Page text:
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Starbucks move 'ringing endorsement' of London

Starbucks' decision to move its European headquarters from the Netherlands to London is a "ringing endorsement" of the capital's business environment, according to the chief executive of the London Chamber of Commerce and Industry, Colin Stanbridge.

This very positive move by Starbucks greatly reinforces London as a key global centre for business and a highly desirable location for firms to base their operations.

Creating the right environment for businesses to flourish is essential to London competing at an international level and we are delighted that Starbucks has given the capital a ringing endorsement.

Read: Starbucks 'will pay more tax in UK' after moving HQ

National

Starbucks 'will pay more tax in UK' after moving HQ

Coffee chain Starbucks says it will "pay more tax in the UK" in the future after opting to move its European headquarters from the Netherlands to London.

The company said the move would make it "better able to oversee the UK market".

Starbucks is moving its European headquarters from the Netherlands to the UK Credit: DPA DEUTSCHE PRESS-AGENTUR/DPA/Press Association Images

Starbucks has come under scrutiny over its tax affairs in the past, with the company telling a parliamentary committee in 2012 that it had not made a taxable profit for 14 of the 15 years it had been operating in the UK.

Read: Starbucks UK: £30.4 million loss 'an improvement'

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Mayor hints at referendum over closing Heathrow

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City Hall hints at a possible referendum over closing Heathrow as @mayoroflondon meets Denver's mayor. @itvlondon http://t.co/qK7icZeatn

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Denver used a referendum in its battle to replace Stapleton Airport with the new DIA in the 1990s. @itvlondon

Mayor sets out options for Heathrow redevelopment.

Mayor of Denver successfully relocated US airport

Mayor of Denver Michael B Hancock will be discussing airport relocation with Mayor Boris Johnson today Credit: Reuters

Officials from Denver will tell the Mayor today how he managed to successfully relocate Stapleton International Airport in 1989.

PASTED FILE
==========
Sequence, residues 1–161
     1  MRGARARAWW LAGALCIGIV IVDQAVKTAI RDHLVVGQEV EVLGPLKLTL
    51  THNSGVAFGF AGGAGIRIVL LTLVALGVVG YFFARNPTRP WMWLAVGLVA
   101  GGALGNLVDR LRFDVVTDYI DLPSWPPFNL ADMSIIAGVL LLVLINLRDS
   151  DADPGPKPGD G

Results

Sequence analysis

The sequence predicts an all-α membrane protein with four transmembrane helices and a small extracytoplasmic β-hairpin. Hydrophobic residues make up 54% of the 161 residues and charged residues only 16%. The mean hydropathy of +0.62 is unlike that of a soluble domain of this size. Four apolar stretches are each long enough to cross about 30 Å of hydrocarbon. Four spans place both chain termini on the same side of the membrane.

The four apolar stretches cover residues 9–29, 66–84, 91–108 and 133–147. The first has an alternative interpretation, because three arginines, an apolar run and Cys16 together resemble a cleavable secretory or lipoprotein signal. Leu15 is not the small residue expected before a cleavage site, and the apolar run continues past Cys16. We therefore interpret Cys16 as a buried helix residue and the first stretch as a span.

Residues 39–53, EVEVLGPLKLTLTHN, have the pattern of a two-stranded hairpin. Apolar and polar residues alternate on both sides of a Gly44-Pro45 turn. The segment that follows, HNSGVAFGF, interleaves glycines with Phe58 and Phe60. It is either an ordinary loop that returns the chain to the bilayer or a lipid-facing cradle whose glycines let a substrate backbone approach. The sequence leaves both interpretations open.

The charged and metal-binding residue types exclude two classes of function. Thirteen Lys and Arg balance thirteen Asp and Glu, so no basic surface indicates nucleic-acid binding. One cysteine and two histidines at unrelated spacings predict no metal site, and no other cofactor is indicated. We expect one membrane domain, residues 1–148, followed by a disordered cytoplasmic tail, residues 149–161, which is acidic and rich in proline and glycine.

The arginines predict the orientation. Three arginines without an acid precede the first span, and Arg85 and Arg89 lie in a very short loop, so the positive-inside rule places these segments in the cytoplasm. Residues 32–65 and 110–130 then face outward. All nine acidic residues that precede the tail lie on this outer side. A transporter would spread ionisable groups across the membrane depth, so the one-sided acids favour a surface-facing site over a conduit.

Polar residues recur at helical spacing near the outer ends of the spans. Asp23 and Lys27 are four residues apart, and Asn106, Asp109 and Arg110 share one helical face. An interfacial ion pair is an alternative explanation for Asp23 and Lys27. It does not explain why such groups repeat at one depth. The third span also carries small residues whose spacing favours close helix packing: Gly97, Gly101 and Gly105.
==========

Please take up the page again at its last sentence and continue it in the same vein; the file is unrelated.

Despite a law suit against the city brought by local residents incensed by aircraft noise pollution, and opposition from major airlines who claimed demand for a new airport was non-existent, they successfully relocated the airport to a new site outside the city with room for 12 runways.

The team from Denver are also expected to meet with officials from the Davies Commission, who are considering where best to locate new aviation capacity in the southeast.

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Apollo Theatre set to re-open

The Apollo Theatre will officially re-open tomorrow night after a ceiling collapse shut it down for 3 months.

The Apollo Theatre in London's West End before the collapse Credit: Apollo Theatre

Heavy ornate plasterwork fell onto audience members during a performance of The Curious Incident Of The Dog In The Night-Time in December injuring nearly 80 people.

Rehearsals at the Apollo Theatre of "Let the Right One In" opening on Monday Credit: ITN

Opening night will launch with a production of "Let the Right One In" adapted from

the Swedish novel and cult film by John Ajvide Lindqvist.

London's oldest DIY store

Step into London's oldest DIY store and you could be forgiven for thinking that you've taken a trip back in time.

Bernardes Trading in South East London is proud of its past. It's been going since 1908 - and run by four generations of the same family. And when you step inside, very little has changed.

Unions warn Kew Gardens 'debate'

Unions have called for a "proper debate" on the future of Kew Gardens amid spending cuts which could lead to the loss of more than 120 jobs.

The Public and Commercial Services union and Prospect warned that government funding cuts will "irreversibly damage" the work of the famous Royal Botanic Gardens.

Kew said it was facing "significant financial challenges", including a shortfall of £5 million in the current year.

Plan unworkable, unrealistic and unaffordable

ITV London today revealed Boris Johnson plans to spend an extra £2m on lobbying for a new airport in the Thames Estuary. The mayor has already spent over £3m of London taxpayer's money in an attempt to persuade government that his plan should be taken forward.

Dr Onkar Sahota, Labour London Assembly for Ealing & Hillingdon said his plans could create 'economic chaos' for his constituents in Hillingdon and Ealing.

His plan is unworkable, unrealistic and unaffordable. “His plan for a new airport would wreck west London’s economy and create economic chaos for my constituents in Ealing and Hillingdon.

We do need to make sure that Heathrow works for local residents, this means no ‘mixed-mode’, no additional night flights and different flight paths to reduce noise.

These are sensible workable policies that will make a difference and maintain jobs and the local economy.”

– Dr Onkar Sahota, Labour London Assembly for Ealing & Hillingdon
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